Screen tearing is a visual artifact in video display where a display device shows information from multiple frames in a single screen draw.
The artifact occurs when the video feed to the device is not in sync with the display's refresh rate. This can be due to non-matching refresh rates—in which case the tear line moves as the phase difference changes (with speed proportional to difference of frame rates). It can also occur simply from lack of sync between two equal frame rates, in which case the tear line is at a fixed location that corresponds to the phase difference. During video motion, screen tearing creates a torn look as edges of objects (such as a wall or a tree) fail to line up.
Tearing can occur with most common display technologies and video cards, and is most noticeable in horizontally-moving visuals, such as in slow camera pans in a movie, or classic side-scrolling video games.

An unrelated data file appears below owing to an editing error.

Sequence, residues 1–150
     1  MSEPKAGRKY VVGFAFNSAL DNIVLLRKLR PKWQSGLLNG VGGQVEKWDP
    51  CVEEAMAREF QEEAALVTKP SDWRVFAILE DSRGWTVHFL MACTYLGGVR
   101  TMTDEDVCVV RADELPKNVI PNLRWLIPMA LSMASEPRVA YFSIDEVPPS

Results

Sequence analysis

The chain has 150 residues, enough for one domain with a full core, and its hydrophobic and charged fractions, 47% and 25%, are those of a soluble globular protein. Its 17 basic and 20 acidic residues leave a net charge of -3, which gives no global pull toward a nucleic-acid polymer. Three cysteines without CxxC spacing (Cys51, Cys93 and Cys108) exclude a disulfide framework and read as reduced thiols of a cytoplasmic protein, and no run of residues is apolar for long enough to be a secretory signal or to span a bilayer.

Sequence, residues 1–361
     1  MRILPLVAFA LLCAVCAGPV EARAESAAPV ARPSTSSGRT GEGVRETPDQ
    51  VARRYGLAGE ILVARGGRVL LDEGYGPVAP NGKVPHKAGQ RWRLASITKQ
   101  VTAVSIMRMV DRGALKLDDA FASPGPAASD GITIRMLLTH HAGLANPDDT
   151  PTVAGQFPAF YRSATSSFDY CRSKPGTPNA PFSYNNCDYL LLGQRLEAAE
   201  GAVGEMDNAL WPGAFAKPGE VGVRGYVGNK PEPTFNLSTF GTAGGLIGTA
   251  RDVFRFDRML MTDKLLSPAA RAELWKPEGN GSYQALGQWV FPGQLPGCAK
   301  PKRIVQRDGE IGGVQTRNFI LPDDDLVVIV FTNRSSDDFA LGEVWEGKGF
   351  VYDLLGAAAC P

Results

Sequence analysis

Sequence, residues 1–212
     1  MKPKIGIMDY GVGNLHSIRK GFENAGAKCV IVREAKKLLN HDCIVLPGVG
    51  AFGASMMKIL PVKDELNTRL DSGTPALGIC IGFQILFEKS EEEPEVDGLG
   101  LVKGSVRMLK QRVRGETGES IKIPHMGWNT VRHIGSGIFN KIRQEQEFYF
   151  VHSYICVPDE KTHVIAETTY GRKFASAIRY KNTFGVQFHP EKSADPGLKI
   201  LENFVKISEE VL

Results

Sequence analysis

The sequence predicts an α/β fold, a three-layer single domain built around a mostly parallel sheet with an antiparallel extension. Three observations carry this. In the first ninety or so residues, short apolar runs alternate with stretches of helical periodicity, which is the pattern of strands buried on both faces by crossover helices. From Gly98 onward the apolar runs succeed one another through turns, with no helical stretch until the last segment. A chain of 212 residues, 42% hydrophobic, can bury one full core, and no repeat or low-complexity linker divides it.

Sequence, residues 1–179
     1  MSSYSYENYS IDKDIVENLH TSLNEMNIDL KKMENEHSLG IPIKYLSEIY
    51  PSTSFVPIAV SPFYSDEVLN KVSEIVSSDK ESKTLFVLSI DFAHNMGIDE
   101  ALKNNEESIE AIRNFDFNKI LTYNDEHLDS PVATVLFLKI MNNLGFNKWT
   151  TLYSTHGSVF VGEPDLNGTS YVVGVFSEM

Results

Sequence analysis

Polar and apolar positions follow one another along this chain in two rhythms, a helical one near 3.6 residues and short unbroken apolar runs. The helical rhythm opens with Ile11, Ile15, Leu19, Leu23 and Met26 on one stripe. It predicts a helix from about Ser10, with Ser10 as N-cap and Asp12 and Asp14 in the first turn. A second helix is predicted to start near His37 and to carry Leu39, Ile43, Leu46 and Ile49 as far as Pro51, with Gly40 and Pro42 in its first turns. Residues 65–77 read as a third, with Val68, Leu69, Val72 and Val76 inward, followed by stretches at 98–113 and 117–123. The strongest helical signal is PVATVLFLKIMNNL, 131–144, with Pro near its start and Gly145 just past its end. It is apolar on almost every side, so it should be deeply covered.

Screen tearing is less noticeable when more than two frames finish rendering during the same refresh interval, since this means the screen has several narrower tears instead of a single wider one.
Ways to prevent video tearing depend on the display device and video card technology, software in use, and the nature of the video material. The most common solution is to use multiple buffering.
Most systems use multiple buffering and some means of synchronization of display and video memory refresh cycles.